Nero Digital is a brand name applied to a suite of MPEG-4-compatible video and audio compression codecs developed by Nero AG of Germany and Ateme of France. The audio codecs are integrated into the Nero Digital Audio+ audio encoding tool for Microsoft Windows, and the audio & video codecs are integrated into Nero's RecodeDVD ripping software.
Nero certifies certain DVD player/recorder devices as Nero Digital compatible, and licenses the codec technology to integrated circuit manufacturers.
The video codecs were developed by Ateme, and according to an interview with Nero AG developer Ivan Dimkovic, the audio codecs are improved versions of Dimkovic's older PsyTEL AAC Encoder. The audio codec is now available as a free stand-alone package called Nero AAC Codec.
Nero Digital can generate streams in the 3GP/MPEG-4 Part 14 (".mp4") container format and includes two video and two audio codecs:
ASP (one of about 20 profiles defined in MPEG-4 Part 2)
HE-AAC (defined in MPEG-4 Part 3, sometimes referenced as "aacPlus" or other, similar trademarks)
The codecs are compliant with the ISO/IEC standard, with the exception of subtitles and chapter information. The video streams generated by Nero Digital can be played back on some stand-alone hardware players and software media players such as the company's own Nero Showtime.
Recode cannot rip encrypted DVD movie discs, but is able to import decrypted DVD images for encoding. Nero Digital also does not ship its codecs as stand-alone DirectShow or VfW modules, preventing them from being used for general-purpose video editing. The product is not bundled with a video editor.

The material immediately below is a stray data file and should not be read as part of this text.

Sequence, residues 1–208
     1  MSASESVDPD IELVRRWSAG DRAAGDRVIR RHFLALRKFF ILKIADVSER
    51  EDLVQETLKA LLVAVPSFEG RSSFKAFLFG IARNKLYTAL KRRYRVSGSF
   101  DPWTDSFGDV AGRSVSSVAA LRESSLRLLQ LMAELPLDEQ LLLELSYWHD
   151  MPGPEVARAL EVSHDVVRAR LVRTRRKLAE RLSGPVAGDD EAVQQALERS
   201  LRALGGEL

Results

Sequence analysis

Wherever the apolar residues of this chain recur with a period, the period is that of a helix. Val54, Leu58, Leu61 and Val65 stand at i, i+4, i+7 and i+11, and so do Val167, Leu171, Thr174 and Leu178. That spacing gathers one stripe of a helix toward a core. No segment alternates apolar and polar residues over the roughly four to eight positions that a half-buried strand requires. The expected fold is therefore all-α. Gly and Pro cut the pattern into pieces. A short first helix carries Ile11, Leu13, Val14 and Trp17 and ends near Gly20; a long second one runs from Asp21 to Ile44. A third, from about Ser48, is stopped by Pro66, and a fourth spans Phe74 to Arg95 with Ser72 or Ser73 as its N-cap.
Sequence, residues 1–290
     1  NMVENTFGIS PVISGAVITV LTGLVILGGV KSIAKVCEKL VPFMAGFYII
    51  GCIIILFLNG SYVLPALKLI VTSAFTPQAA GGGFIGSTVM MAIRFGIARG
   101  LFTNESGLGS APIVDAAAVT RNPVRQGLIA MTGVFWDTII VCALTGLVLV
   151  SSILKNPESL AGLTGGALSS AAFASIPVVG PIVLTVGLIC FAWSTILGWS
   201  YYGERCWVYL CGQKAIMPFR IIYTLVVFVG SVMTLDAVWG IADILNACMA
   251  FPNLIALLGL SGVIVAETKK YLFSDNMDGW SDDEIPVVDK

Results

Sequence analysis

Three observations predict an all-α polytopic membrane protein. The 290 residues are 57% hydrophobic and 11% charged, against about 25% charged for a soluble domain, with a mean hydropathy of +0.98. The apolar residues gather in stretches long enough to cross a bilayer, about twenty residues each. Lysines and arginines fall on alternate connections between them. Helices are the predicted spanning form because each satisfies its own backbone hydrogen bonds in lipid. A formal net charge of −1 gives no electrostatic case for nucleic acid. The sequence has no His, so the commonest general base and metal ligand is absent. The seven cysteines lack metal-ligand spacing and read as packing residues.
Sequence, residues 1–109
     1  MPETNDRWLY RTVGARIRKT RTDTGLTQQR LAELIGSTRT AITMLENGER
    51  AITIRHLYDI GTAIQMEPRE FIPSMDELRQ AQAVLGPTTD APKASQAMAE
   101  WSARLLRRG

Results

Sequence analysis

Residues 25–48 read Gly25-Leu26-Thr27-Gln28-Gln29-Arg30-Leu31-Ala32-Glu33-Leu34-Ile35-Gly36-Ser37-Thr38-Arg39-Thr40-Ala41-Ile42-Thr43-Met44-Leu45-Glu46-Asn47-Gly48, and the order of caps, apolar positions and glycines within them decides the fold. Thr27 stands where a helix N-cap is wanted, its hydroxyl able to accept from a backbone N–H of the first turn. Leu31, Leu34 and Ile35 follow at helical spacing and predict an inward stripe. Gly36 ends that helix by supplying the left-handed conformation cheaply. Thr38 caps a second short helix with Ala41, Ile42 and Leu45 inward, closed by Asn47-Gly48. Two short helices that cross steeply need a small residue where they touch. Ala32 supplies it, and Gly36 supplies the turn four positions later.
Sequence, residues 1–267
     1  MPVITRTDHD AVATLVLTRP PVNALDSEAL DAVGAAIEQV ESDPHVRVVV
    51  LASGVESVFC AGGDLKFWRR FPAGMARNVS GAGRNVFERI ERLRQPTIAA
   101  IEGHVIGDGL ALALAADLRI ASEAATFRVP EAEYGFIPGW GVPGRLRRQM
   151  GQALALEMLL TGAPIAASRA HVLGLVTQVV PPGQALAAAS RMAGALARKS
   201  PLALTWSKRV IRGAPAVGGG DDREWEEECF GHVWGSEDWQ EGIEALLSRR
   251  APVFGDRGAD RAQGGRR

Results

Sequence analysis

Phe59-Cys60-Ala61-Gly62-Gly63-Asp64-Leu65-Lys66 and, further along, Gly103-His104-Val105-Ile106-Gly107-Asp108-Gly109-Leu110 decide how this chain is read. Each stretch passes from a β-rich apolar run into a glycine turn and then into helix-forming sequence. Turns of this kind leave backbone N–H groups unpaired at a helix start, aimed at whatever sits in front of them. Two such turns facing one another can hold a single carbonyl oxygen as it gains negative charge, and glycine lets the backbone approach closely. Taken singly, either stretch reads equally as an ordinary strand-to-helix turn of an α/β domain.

Comparisons with other video codecs (2003-2005)Edit
The Nero Digital video codecs have been featured in video compression comparisons:
In the 2003 Doom9 codec comparison, the ASP codec was the fastest of all the codecs, but fared relatively poorly in quality.
The Nero Digital AVC codec was pronounced the winner of the 2004 Doom9 codec comparison. ND ASP did not compete.
In the 2005 Doom9 codec comparison, the ASP codec was still the fastest and fared better than previously in quality, but not well enough to make it to the finals. The AVC codec came in second overall.
In May 2005, it won the C't magazine video codec quality comparison, competing against other AVC codecs such as x264, VideoSoft's codec, the MainConcept codec and the Sorenson codec.
Nero Digital AVC also won an informal 2005 'Movie Metric Benchmark challenge,' with up to a 1dB quality gain over DivX at the same bitrate.